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W.Va. DEP Secretary to vie for national bass title

Photo courtesy B.A.S.S. | David A. Brown
A recent fourth-place finish in the B.A.S.S. Nation Mid-Atlantic Divisional tournament has propelled West Virginia Department of Environmental Protection secretary Randy Huffman into November’s national tournament on Louisiana’s Ouachita River.

West Virginia’s top environmental official leads a double life.

Through most of the week, Randy Huffman serves as secretary of the state Department of Environmental Protection. On weekends, though, he takes off his suit and tie and dons the brightly colored jersey of a competitive bass fisherman.

The dual identity paid off recently when Huffman qualified to compete in the country’s top tournament for amateur anglers; in November, he will travel to Louisana’s Ouachita River for the B.A.S.S. Nation Championship.

“It’s exciting stuff,” Huffman said. “This was only my second year of fishing at the state level, so you can imagine how jacked I am to make it to the national championship.”

Fishing isn’t something Huffman took up just recently. He’s been an avid angler since his formative years.

“My father wasn’t big on fishing, so I’m pretty much self-taught,” he said. “Other than the guys on TV fishing shows, I had no real role models. What I did have was a passion to learn.”

Huffman became a bass fisherman in the late 1980s, thanks largely to the construction of Lewis County’s Stonewall Jackson Dam.

“Back then, Stonewall Jackson Lake was one of the few places in the state where you could go and consistently catch good-sized largemouth bass,” he recalled. “So I bought a bass boat and started spending a lot of time up there.

“By the late 1990s, I thought I had acquired enough skills to start fishing competitively, so I started entering local tournaments. In the past couple of years, I’ve branched out and started fishing in tournaments outside the state.”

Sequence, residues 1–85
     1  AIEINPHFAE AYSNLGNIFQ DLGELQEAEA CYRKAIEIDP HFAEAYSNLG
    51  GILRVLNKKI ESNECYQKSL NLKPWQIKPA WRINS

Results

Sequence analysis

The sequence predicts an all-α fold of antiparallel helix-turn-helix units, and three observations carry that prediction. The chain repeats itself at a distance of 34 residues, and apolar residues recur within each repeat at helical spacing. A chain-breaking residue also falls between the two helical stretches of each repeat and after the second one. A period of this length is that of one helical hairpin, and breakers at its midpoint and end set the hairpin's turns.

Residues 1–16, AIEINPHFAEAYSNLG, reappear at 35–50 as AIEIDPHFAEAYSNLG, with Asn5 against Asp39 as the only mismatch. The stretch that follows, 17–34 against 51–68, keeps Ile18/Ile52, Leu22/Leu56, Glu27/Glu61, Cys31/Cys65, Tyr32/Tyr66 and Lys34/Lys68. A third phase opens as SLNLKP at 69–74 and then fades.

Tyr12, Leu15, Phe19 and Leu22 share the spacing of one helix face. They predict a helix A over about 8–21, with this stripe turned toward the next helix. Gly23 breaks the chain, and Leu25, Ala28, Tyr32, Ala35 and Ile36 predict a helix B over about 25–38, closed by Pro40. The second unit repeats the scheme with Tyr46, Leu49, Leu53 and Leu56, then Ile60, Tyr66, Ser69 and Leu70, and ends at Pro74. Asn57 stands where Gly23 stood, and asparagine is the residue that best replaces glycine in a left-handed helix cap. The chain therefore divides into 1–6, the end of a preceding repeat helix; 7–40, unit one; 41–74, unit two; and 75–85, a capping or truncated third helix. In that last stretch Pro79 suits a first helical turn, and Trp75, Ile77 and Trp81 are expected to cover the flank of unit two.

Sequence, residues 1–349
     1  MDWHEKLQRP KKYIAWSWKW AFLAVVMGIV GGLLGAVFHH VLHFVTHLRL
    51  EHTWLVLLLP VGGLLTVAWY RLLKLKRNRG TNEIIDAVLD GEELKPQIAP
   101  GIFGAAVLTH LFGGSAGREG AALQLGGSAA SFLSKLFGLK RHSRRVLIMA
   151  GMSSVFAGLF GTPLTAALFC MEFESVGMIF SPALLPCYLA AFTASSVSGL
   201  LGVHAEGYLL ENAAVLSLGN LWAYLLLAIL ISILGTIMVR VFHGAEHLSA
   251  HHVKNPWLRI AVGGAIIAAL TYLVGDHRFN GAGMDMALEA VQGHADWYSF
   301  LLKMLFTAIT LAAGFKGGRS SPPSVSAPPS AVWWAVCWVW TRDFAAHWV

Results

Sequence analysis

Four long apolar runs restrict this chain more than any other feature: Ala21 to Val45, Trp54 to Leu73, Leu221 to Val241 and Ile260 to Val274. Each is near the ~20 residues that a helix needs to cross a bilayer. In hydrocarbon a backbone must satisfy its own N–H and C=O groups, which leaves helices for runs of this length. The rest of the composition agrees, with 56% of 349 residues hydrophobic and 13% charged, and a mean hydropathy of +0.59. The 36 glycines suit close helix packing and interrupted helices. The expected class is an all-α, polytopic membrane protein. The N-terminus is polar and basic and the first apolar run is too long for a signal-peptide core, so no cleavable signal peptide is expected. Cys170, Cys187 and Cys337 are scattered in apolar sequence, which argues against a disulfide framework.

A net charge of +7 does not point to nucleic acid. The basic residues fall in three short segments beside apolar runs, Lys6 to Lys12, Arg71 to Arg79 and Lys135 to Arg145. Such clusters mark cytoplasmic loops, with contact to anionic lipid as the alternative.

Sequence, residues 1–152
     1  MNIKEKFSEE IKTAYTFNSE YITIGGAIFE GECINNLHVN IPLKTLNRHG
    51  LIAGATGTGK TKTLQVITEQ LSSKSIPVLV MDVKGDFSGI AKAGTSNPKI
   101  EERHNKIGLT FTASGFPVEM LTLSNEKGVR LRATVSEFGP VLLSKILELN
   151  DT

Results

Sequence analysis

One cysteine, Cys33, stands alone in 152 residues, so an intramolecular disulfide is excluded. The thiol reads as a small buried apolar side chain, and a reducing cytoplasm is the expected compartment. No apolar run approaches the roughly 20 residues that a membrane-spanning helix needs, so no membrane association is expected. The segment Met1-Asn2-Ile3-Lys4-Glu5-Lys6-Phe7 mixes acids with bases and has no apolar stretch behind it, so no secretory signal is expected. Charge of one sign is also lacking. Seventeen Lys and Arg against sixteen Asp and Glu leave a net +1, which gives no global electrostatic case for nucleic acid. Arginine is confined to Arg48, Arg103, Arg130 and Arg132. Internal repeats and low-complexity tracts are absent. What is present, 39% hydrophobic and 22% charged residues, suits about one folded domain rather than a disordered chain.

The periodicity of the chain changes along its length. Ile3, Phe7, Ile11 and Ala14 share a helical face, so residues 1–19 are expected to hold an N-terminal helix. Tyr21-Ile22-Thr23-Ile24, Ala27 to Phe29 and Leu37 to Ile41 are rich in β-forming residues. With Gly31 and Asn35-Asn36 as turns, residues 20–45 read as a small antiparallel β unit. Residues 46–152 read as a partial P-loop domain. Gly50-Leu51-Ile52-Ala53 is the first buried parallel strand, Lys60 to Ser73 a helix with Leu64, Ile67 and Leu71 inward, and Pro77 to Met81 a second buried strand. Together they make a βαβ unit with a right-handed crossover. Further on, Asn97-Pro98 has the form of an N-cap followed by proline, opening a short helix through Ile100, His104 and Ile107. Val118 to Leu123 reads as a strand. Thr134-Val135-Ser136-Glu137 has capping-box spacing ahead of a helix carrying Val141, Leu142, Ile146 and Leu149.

Because of his busy work schedule, Huffman does most of his traveling at night.

“I’ll leave on a Friday afternoon, drive late into the night, fish a [weekend] tournament and come back late Sunday night,” he said. “You can’t reach a competitive level without doing a lot of fishing. Success is a direct reflection of effort; you’ve got to be willing to pay the price.”

The bass-fishing experience Huffman gained during his travels has helped him do well in tournaments inside and outside West Virginia.

His most recent success, a fourth-place finish in the B.A.S.S. Nation Mid-Atlantic Divisional Tournament, is a case in point. To prepare for the competition, he made two trips to Virginia’s Kerr Lake — one in March and another in April.

“By the time I fished the Mid-Atlantic [in late May], I had six or seven days’ experience on the lake, and had familiarized myself with how it fished. That really helped,” he said.

Armed with his hard-won knowledge, Huffman caught 24.88 pounds of bass in three days, good enough for fourth place in the overall event and first place among the 12 anglers on the West Virginia B.A.S.S. Nation team. The high finish qualified him for the national event.

Though preparation and skill played major roles in Huffman’s success, he said he needed a little luck, too.